MADRID, Spain – Iran's top nuclear negotiator said Friday that the West's pressure for a quick response to its offer of incentives for Tehran to halt its nuclear program is not helpful, but insisted the standoff can be resolved through dialogue.
"We do not need them to give us a deadline for answering. That pressure creates an atmosphere of lack of confidence and doubt among the two sides," Ali Larijani told a news conference in Madrid after meeting with senior Spanish officials.
"The Iranian nuclear issue is not so complicated that it cannot be solved through dialogue," Larijani said.
"This proposal has many doubts," he said. "Through dialogue we have to resolve the doubts."
He said Iran is optimistic about prospects for resolving the standoff but would not say when it might respond to the package of incentives.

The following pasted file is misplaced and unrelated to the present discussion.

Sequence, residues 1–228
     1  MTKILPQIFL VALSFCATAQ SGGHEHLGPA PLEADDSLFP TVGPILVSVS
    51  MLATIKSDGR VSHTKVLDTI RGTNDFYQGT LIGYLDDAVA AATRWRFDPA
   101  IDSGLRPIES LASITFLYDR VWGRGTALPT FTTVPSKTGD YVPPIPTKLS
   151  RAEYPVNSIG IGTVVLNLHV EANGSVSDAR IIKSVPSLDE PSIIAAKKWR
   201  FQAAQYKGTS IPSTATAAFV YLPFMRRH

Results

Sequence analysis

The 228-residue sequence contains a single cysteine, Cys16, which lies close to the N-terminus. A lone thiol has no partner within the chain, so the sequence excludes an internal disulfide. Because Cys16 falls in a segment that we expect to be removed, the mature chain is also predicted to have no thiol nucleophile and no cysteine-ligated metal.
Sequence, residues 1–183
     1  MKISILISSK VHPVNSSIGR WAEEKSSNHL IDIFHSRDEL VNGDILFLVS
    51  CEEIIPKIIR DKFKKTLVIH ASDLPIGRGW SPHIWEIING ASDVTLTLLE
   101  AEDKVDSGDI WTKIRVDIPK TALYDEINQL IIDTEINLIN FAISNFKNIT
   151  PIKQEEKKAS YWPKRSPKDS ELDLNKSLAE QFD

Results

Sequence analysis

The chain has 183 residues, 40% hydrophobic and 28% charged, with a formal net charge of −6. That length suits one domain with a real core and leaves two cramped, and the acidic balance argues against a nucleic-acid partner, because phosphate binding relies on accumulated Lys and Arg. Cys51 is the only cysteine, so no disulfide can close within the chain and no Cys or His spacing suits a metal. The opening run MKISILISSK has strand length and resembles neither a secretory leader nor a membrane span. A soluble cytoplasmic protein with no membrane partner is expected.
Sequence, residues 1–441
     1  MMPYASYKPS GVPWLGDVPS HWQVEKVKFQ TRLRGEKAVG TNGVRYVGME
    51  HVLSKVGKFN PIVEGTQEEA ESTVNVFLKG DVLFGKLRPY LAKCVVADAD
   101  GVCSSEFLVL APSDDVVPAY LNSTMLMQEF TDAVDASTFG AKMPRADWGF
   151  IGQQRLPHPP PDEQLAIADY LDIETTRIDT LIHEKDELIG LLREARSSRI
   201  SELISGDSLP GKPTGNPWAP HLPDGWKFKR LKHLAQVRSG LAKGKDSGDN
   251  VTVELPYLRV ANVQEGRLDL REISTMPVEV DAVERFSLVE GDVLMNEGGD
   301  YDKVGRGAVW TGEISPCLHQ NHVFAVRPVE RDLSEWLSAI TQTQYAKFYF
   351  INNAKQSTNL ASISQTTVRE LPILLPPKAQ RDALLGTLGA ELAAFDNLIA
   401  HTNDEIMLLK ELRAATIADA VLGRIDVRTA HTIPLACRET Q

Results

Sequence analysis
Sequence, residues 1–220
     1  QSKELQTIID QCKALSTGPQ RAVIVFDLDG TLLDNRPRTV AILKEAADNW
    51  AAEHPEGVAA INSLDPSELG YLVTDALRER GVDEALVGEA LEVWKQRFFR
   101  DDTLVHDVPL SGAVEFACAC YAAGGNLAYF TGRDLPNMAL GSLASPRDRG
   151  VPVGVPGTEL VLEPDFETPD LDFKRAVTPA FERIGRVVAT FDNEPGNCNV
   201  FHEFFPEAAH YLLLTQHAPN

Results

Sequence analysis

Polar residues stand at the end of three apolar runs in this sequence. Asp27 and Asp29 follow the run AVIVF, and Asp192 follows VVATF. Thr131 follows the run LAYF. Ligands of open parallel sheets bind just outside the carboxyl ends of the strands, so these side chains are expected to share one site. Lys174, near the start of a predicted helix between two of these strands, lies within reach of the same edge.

Tehran has asserted repeatedly that its nuclear program is peaceful and aimed at generating power. But the U.S. and the European Union fear it is a cover for the development of nuclear weapons.
Europe could enhance Iranian confidence in the nuclear talks by ending restrictions on exports of some industrial equipment to Iran, Larijani said. "There are many areas in which confidence can be created," he said.
Javier Solana, the European Union's foreign policy chief, traveled to Tehran last month with the offer of incentives if Iran agrees to halt its uranium enrichment program and return to negotiations.
On Thursday, Larijani met with Solana in Brussels, Belgium, and said his country remains serious about continuing negotiations.
Those talks were "constructive and fruitful," the Iranian official said Friday.
The five permanent members of the U.N. Security Council and Germany drafted the offer, which includes sharing civilian nuclear expertise and technology. The six nations have pushed for a response from Iran, but have yet to receive one.
Solana and Larijani are to meet again Tuesday in Brussels.
Western diplomats have threatened to restart efforts to punish Iran through possible U.N. sanctions unless Tehran stops enrichment and agrees to talks.